Saturday, December 06, 2008
Murder On A Midsummer Night by Kerry Greenwood
Crow's Nest, Allen and Unwin, 2008
We all thought it would never happen - Phryne Fisher in 1929? The author said it was always going to be 1928, because that was the year she knew about. But sooner or later the year had to end, didn’t it? Phryne had crammed so much into the months between May and December 1928 that it was going to be impossible to move on and the chronology was looking distinctly strange. Still, when Murder in the Dark ended on New Year’s Eve, many of Kerry Greenwood’s fans, myself included, wondered if this was the proverbial It.
Fortunately, it wasn’t. It should be possible to cram another 17 adventures into 1929, if the author doesn’t get sick of it, before then.
I discovered Phryne Fisher after reading an article in the Melbourne Age. The heroine was beautiful, rich, smart, independent and zoomed around Melbourne in her fast red car. And she lived in St Kilda, not far from where I spent my childhood and still within walking distance of where I live now. The combination of Melbourne, history and mystery was perfect for me. They were fun, unlike some grim thrillers I’ve read. I became hooked - and the novels have become comfort reading which I read and re-read. These are what I think of as “whodunnits”, rather than “cosies” - you really CAN’T describe as a cosy something that speeds along as these do.
While standing in the signing queue for this one, I chatted with an elderly gentleman who told me that he could remember the 1930s, which were not too different from the 20s, and that these novels got it absolutely right. Nice to know, though the flavour of 1928 Melbourne always felt right to me.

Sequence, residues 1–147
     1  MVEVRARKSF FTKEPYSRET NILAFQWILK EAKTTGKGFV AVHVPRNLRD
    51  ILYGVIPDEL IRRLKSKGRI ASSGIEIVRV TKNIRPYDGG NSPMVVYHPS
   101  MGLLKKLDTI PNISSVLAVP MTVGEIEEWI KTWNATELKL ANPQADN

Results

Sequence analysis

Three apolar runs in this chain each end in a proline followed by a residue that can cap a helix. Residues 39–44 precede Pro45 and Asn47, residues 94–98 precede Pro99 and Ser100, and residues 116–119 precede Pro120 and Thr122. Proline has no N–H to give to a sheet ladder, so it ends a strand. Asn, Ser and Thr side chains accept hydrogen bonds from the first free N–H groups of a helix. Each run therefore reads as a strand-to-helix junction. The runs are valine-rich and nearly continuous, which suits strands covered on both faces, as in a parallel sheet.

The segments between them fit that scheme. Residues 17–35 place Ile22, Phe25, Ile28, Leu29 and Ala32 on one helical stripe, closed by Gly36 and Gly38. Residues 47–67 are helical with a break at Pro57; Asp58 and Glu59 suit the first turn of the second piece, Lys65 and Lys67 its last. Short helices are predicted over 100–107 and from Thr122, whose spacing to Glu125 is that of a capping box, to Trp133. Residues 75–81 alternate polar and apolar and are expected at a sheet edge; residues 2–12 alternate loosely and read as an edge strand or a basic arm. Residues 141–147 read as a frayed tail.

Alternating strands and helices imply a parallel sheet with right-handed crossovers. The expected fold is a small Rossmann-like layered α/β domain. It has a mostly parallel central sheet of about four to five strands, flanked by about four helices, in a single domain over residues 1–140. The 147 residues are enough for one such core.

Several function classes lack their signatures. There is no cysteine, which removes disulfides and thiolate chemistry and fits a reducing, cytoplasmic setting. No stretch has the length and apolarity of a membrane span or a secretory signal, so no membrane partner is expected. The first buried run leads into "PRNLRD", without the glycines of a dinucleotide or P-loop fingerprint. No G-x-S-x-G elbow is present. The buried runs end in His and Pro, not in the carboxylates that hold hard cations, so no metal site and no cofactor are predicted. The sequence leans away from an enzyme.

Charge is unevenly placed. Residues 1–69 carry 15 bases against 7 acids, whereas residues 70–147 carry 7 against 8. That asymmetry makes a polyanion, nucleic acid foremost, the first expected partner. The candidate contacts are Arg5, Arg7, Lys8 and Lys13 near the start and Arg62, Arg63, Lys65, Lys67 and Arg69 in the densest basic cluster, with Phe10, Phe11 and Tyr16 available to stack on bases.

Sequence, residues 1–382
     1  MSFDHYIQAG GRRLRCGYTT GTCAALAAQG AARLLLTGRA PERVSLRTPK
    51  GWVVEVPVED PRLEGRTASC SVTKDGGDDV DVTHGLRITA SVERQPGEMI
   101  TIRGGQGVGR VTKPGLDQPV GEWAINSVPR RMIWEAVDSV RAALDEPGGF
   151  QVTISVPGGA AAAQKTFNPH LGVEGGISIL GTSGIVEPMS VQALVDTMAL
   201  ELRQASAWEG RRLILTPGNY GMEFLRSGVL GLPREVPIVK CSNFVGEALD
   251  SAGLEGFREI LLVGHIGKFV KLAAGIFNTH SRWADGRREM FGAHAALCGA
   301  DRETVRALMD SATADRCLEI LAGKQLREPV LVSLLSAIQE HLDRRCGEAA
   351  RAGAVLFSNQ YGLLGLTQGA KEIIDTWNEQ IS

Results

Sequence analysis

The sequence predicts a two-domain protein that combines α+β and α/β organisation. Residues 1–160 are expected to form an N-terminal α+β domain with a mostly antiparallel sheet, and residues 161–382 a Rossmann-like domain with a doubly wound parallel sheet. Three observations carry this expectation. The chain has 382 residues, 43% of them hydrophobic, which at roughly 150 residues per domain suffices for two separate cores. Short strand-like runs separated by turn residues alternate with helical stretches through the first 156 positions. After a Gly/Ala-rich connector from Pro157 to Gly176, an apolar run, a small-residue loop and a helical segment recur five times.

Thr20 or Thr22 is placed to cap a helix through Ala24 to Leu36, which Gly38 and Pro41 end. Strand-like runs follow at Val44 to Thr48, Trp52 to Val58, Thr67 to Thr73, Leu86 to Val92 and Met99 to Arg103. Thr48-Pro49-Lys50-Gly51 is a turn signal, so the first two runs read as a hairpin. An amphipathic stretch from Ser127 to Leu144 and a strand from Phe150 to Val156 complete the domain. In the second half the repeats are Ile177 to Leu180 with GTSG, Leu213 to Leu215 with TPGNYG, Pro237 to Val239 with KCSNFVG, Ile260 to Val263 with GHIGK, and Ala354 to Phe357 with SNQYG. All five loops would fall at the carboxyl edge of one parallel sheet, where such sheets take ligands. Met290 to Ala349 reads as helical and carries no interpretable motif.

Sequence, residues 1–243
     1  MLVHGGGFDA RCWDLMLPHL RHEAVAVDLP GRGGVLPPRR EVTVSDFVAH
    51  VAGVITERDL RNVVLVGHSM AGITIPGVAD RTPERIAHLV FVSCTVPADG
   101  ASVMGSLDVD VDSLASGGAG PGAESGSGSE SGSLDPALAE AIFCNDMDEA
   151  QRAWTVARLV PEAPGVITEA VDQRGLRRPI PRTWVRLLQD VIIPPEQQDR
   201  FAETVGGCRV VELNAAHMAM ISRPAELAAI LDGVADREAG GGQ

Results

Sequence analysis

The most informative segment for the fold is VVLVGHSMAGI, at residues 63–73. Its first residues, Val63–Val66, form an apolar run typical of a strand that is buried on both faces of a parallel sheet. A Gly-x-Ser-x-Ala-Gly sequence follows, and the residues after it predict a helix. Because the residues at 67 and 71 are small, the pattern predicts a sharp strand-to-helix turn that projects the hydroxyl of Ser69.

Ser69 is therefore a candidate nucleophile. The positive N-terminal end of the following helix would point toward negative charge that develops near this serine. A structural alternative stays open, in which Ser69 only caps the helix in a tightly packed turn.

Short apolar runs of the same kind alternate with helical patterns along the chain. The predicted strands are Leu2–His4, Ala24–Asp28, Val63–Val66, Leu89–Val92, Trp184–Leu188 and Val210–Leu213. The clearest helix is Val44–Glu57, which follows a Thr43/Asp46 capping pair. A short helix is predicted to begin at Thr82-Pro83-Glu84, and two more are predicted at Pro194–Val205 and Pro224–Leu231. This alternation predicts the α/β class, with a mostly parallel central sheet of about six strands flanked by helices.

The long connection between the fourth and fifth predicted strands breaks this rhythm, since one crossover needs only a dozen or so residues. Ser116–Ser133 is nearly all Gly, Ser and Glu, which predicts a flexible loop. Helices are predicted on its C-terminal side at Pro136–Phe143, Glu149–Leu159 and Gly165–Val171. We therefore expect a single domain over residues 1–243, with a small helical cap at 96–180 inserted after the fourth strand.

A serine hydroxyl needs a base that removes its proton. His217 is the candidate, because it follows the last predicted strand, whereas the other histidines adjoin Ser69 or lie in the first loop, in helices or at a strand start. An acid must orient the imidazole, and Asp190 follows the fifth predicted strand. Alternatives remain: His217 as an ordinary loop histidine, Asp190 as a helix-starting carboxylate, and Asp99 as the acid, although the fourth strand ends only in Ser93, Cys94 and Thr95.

In January 1929, Phryne Fisher, that rich and elegant private detective, is planning her birthday celebration, not another job, but a young junkshop and antique dealer has been found dead on St Kilda beach and his mother is positive it was murder, not suicide as the coroner has concluded. Time for Miss Fisher to check it out. She is also busy on a case centred around a recently-deceased old lady’s illegitimate child who might have inherited money from her, but needs to be found.
Bright young things, ouija boards, actors, Williamstown, Australian soldiers in wartime Palestine, a missing treasure - it’s all there,and more. We learn about furniture trends in the Melbourne of the 20s and meet a relative of Phryne’s friend, the Communist taxi driver Cec Yates.
As usual, there’s plenty of food and gorgeous clothes and it ends with a party. Kerry Greenwood loves her designer clothes and delicious food. She writes about both with enormous enjoyment and brings this enjoyment across to her readers.
I didn’t work out the killer, but even if I had, the story is such fun that I wouldn’t have cared. If you can re-read a mystery, as I do these, it must be good. And I started re-reading this one as soon as I’d finished it.
That says it all. Buy it. You won’t be disappointed.